GM Free Cymru

GM crop ban in Scotland

Date Added to website 11th July 2014

GM crop ban in Scotland

[Comment from GM-Free Cymru: This is wonderful news -- and a brave step by the Scottish Government, given the fact that Scotland is home to a number of establishments doing GMO research, and given the fact that the Scottish NFU is totally opposed. (No surprise there, since the NFU always has thought of GMOs as the best things since the invention of the wheel.....) It's brave because the Westminster Tory government has made no secret of its wish to "facilitate" GMO plantings in the UK at the earliest opportunity. Whether any English farmers -- even the very big ones -- will actually put GMOs into the ground is another matter, given the inevitable public hostility that would ensue. There is in any case no demand for them, so why would a sensible farmer bother? What we now hope is that Wales and Northern Ireland will follow suit. We trust that they will, since there has been irritation for many years over the manner in which DEFRA and the Government have systematically ignored the wishes of the other 3 administrations when it comes to GMO votes in the EU -- specifically in contravention of the GMO Concordat to which they are all signed up. Watch this space.........]


Scotland to protect clean, green status and prohibit GM crops.

Growing genetically modified (GM) crops will not be permitted in Scotland, Rural Affairs Secretary Richard Lochhead has announced as he moved to protect Scotland’s clean, green status.

Mr Lochhead has confirmed that the Scottish Government intends to take advantage of new EU rules allowing countries to opt out of growing EU-authorised GM crops.

The Scottish Government will shortly submit a request that Scotland is excluded from any European consents for the cultivation of GM crops, including the variety of genetically modified maize already approved and six other GM crops that are awaiting authorisation.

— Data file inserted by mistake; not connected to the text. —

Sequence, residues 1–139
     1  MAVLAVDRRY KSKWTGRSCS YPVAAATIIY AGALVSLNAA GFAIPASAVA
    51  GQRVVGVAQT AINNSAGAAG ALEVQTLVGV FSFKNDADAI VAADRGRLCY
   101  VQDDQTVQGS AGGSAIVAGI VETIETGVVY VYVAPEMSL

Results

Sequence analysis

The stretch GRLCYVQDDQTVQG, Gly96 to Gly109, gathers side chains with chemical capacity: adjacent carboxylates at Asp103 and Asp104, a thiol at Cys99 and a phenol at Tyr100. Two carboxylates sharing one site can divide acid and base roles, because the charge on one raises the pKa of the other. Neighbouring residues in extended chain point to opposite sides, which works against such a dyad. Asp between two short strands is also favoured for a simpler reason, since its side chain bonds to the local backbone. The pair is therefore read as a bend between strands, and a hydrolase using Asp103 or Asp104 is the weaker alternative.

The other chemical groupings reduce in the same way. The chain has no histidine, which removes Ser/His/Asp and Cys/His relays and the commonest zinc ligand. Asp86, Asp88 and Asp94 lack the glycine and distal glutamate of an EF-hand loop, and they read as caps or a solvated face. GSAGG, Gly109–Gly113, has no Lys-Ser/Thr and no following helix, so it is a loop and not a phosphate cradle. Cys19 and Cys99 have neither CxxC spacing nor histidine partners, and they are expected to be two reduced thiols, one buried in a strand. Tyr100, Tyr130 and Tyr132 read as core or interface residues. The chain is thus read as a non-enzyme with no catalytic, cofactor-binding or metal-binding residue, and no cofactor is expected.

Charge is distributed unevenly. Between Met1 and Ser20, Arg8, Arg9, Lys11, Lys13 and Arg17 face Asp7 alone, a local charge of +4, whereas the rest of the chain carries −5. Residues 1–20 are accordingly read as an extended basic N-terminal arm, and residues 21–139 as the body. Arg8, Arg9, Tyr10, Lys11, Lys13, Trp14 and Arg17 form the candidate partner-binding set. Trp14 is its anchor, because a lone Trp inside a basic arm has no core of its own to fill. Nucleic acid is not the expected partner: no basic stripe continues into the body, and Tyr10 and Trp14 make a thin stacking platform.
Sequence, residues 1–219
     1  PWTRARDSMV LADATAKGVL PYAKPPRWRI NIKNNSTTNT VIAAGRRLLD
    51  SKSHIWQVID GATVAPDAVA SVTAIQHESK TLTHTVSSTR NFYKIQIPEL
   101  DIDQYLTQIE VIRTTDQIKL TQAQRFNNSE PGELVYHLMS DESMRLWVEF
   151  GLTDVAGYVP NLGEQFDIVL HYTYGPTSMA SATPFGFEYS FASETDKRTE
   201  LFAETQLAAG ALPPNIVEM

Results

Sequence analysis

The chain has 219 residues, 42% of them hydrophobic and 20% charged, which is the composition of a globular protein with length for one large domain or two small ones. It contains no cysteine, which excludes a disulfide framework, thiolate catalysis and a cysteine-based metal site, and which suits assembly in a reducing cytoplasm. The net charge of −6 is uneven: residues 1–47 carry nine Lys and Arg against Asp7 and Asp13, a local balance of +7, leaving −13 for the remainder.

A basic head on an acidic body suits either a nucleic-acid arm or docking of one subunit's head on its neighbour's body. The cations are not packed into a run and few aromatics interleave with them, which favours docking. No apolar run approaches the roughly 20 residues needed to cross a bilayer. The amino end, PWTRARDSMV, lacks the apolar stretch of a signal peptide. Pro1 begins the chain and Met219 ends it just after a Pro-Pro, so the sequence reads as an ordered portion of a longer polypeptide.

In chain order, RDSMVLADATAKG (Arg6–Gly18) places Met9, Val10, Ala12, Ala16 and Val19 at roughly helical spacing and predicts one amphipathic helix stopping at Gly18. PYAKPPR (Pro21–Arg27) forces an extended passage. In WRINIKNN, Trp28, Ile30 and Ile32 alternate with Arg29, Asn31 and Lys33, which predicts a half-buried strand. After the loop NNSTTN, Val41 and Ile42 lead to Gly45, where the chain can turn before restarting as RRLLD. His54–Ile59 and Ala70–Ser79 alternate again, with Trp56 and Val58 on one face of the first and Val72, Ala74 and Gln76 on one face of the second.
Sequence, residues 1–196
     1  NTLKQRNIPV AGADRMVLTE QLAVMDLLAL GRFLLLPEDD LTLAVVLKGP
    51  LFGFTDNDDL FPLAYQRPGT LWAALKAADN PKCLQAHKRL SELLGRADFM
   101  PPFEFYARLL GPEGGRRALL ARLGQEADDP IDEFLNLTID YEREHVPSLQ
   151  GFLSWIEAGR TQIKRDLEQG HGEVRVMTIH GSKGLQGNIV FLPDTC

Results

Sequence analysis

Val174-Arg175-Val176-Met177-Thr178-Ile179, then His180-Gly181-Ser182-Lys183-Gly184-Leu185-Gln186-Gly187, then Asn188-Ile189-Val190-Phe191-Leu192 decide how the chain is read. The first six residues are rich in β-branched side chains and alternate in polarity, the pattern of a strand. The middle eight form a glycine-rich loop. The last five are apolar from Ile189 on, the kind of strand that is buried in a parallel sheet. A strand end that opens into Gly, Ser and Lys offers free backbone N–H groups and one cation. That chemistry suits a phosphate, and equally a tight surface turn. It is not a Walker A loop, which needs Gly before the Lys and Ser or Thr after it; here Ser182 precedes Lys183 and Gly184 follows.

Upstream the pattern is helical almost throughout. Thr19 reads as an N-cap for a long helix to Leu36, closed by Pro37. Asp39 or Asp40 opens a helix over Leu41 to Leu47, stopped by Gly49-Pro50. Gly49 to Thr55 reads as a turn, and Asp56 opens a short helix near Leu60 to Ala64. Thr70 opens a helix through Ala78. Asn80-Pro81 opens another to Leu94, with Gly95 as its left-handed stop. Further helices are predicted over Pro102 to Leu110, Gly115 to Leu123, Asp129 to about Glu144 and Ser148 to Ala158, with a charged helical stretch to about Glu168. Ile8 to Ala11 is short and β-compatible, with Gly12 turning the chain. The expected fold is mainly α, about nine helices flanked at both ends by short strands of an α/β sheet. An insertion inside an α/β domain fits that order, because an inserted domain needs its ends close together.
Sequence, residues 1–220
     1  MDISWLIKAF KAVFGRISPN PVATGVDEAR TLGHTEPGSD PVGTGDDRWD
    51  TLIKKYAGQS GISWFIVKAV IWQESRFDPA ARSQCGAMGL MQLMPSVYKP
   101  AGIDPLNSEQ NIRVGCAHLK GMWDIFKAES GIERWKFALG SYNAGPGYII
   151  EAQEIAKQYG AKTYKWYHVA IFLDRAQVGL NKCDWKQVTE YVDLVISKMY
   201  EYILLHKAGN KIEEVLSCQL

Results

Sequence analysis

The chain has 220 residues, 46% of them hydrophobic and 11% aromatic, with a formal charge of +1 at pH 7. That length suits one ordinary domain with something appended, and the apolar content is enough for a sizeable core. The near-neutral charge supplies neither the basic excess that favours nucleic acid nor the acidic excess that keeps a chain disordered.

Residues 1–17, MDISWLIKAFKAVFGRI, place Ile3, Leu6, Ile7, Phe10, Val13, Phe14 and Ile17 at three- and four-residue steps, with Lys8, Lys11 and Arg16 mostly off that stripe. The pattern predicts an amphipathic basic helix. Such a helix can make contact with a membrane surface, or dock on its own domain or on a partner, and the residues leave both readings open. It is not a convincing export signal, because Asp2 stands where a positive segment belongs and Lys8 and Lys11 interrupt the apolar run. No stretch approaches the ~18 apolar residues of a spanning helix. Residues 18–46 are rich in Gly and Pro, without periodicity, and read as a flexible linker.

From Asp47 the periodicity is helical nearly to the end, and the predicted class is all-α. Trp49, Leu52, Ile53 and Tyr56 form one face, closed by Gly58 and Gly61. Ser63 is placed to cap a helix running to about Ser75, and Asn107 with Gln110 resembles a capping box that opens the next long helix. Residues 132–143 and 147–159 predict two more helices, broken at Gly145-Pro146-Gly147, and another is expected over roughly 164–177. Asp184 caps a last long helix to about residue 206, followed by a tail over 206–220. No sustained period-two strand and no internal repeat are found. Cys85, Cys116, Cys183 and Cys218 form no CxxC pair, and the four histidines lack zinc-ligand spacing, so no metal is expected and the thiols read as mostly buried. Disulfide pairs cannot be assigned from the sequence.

The Cabinet Secretary said:

“Scotland is known around the world for our beautiful natural environment - and banning growing genetically modified crops will protect and further enhance our clean, green status.

“There is no evidence of significant demand for GM products by Scottish consumers and I am concerned that allowing GM crops to be grown in Scotland would damage our clean and green brand, thereby gambling with the future of our £14 billion food and drink sector.

“Scottish food and drink is valued at home and abroad for its natural, high quality which often attracts a premium price, and I have heard directly from food and drink producers in other countries that are ditching GM because of a consumer backlash.

“That is why I strongly support the continued application of the precautionary principle in relation to GM crops and intend to take full advantage of the flexibility allowed under these new EU rules to ban GM crops from being grown in Scotland.

“The Scottish Government has long-standing concerns about GM crops - concerns that are shared by other European countries and consumers, and which should not be dismissed lightly.

“I firmly believe that GM policy in Scotland should be guided by what's best for our economy and our own agricultural sector rather than the priorities of others. I recently kicked off a national discussion on the future of Scottish agriculture, and welcome views from all sides of the GM debate.”

Notes to editors

Under EU rules, GM crops must be formally authorised before they can be cultivated in the EU geographical area.

The amendment to Directive 2001/18/EC came into force earlier this year and allows Member States and Devolved Administrations to restrict or ban the cultivation of genetically modified organisms (GMOs) within their territory.

The amended directive applies to new cultivation dossiers and not GMOs that have already been or are currently being considered for approval. Transitional arrangements have been put in place to enable Member States and Devolved Administrations to request that their territory is excluded from any consents in relation to applications that were received prior to April 2, 2015.

Member States/Regions wishing to use the transitional arrangements to opt out of growing EU approved GM maize MON 810 or any of the GM maize varieties currently awaiting EU approval must notify the European Commission by October 2, 2015.

The Rural Affairs Secretary kicked off a national discussion on the Future of Scottish Agriculture at the Turriff Show on Monday:

Contact information

SG Communications
Catherine Brown


See also: